There’s a little something for starved sports fans too, with the streaming debut of the excellent ESPN docuseries “The Last Dance” (July 19), about Michael Jordan and the Chicago Bulls’ championship run in 1997-’98; and the final season of the junior college football docuseries“Last Chance U” (July 28), which will focus on the struggles and successes of Oakland’s Laney College. The series will shift its focus to junior college basketball next season.
Who’s Netflix for? Fans of buzz-worthy original shows and movies.
Play, pause or stop? Play. Netflix is still the gold standard in streaming, with a deep library and a seemingly constant supply of new programming.
Disney+ ($6.99 a month)
Baby Yoda, meet Alexander Hamilton. For the first time since its launch late last year, Disney+ has the most talked-about streaming offering out there, thanks to “Hamilton,” (July 3), the filmed version of the Broadway smash hit, which is dropping just in time for Fourth of July weekend. It was originally scheduled to be released in theaters in October 2021, but due to the pandemic forcing movie releases to reschedule, we’ll get it now instead. No complaints here. Filmed in 2016 and starring Lin-Manuel Miranda and the rest of the original cast, “Hamilton” is the must-see streaming event of the summer, and is likely to lure a ton of new subscribers to Walt Disney Co.’s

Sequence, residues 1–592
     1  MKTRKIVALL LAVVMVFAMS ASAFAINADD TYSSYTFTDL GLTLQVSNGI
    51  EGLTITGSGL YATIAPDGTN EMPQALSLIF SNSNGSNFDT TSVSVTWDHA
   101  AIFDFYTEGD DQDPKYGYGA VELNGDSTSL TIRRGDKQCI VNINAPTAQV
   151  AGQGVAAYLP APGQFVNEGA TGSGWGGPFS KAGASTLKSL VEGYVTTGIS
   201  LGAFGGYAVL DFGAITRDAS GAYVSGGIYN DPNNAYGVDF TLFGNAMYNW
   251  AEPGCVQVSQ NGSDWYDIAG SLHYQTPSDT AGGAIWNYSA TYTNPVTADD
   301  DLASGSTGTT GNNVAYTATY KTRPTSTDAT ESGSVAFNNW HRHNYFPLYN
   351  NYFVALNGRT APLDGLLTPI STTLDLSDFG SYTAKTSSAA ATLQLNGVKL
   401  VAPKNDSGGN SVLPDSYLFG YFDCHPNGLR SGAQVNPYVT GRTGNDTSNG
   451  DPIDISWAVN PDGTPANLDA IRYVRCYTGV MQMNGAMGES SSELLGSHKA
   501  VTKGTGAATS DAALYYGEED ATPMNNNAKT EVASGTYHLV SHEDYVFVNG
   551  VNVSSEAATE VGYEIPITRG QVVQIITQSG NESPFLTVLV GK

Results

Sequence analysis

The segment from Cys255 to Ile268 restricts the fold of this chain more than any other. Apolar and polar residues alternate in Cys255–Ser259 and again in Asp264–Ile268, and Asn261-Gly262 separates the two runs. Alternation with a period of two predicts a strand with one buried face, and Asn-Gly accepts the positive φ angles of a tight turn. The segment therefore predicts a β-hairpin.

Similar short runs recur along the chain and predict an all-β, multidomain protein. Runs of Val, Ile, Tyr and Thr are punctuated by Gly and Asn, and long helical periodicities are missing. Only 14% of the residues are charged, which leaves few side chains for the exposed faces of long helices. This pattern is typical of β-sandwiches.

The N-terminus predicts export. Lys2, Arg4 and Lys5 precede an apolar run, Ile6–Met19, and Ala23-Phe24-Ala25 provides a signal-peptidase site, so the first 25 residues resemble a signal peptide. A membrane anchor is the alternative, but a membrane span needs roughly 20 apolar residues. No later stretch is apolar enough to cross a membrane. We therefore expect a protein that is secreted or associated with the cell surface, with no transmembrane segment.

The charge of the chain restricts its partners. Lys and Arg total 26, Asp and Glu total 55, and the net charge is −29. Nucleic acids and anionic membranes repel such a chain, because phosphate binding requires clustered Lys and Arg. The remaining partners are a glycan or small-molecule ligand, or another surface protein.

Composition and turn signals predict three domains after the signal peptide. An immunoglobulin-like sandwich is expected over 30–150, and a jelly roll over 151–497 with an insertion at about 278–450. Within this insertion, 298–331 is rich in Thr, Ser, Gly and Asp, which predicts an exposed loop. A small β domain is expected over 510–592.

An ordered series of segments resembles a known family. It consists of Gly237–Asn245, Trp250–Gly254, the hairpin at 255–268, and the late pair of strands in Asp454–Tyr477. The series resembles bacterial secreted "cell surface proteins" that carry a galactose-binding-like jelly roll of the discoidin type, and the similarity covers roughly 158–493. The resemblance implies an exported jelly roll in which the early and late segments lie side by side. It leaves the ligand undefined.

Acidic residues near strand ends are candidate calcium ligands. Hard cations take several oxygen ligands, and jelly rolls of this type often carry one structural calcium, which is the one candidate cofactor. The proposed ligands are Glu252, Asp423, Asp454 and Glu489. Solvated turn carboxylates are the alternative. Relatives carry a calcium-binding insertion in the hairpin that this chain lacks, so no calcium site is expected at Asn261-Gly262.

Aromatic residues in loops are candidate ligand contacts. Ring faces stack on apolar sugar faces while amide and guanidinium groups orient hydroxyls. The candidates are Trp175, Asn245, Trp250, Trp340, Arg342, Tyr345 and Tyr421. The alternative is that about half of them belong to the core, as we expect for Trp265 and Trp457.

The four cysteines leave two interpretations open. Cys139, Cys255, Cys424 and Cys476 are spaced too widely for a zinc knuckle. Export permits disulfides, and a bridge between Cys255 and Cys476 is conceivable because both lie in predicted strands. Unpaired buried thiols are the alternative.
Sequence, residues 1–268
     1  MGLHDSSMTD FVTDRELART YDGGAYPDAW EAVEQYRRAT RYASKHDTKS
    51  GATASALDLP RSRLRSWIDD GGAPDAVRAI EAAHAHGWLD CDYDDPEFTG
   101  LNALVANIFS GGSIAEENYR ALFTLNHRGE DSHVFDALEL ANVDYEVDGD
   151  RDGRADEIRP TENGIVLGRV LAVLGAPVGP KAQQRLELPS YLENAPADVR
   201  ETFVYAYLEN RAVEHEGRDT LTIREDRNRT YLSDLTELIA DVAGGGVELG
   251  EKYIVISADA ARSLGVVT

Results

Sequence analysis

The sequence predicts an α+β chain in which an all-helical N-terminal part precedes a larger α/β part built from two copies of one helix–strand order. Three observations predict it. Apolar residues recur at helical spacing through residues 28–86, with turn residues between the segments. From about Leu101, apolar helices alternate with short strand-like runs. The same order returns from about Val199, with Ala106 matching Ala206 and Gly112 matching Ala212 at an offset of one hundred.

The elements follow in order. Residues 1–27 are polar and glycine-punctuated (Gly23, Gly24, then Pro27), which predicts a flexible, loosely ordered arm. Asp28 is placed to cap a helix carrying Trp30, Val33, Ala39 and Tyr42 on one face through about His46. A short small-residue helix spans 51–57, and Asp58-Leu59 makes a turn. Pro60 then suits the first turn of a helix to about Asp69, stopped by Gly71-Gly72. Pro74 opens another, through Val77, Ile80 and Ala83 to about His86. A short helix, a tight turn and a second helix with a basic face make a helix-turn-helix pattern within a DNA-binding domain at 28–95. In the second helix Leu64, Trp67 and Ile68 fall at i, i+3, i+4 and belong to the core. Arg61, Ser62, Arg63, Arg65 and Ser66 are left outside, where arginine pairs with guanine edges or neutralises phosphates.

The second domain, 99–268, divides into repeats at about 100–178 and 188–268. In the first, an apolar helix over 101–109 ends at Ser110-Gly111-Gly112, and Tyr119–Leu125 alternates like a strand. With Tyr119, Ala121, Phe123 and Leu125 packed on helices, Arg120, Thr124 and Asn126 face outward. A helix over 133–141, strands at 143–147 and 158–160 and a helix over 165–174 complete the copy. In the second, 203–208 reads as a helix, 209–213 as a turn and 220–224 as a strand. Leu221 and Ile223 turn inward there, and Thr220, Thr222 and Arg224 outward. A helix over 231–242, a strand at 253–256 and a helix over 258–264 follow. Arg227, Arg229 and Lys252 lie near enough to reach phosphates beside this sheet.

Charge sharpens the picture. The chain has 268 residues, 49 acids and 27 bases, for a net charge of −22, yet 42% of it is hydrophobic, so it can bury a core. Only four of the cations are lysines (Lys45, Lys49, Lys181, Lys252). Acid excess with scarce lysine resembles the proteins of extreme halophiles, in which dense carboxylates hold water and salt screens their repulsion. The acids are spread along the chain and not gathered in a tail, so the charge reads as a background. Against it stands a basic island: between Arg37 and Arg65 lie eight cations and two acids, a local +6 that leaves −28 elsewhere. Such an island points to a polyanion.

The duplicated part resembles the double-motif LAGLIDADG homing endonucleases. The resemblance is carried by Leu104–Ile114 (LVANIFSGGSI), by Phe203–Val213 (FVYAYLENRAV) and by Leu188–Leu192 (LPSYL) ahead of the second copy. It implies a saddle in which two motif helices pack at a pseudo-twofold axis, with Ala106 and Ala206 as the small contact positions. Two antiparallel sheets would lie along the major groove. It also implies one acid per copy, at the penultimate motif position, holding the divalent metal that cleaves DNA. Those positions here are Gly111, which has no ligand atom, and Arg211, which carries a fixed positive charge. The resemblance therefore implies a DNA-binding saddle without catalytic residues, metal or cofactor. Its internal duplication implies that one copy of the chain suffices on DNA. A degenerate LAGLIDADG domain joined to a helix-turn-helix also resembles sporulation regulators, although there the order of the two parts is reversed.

Speaking of new subscribers, Disney+ just ended its seven-day free trial. Such a coincidence! But paying $6.99 for a month’s subscription to see a show that theatergoers paid hundreds, even thousands, of dollars to see is still a bargain.
Disney+ is also adding “Muppets Now” (July 31), a brand new, unscripted series featuring Kermit the Frog, Miss Piggy and the rest of the gang doing celebrity interviews and sketch comedy. The service will also bolster its “Star Wars” lineup by adding “Solo: A Star Wars Story,” which, honestly, wasn’t as bad as it was made out to be when it was released in 2018.
Read more: Here’s everything coming to Disney+ in July
Who’s Disney+ for? Families with kids, and hardcore “Star Wars” and Marvel fans. For those not in that group, its library is lacking, but the addition of “Hamilton” makes July the perfect time to sample it for a month and see what’s there.
Play, pause or stop? Play. “Hamilton” for $6.99. Who can say no to that?
HBO Max ($14.99 a month)
Yes, it’s still the most expensive streaming service. But for the same cost as a traditional HBO cable subscription, HBO Max offers much more. It’s fast gaining a reputation as the go-to service for older movies (“Jaws,” “Casablanca,” “Citizen Kane” for starters), and will bolster its selection in July with dozens more, including “The Exorcist,” “Blazing Saddles” and “The Right Stuff.”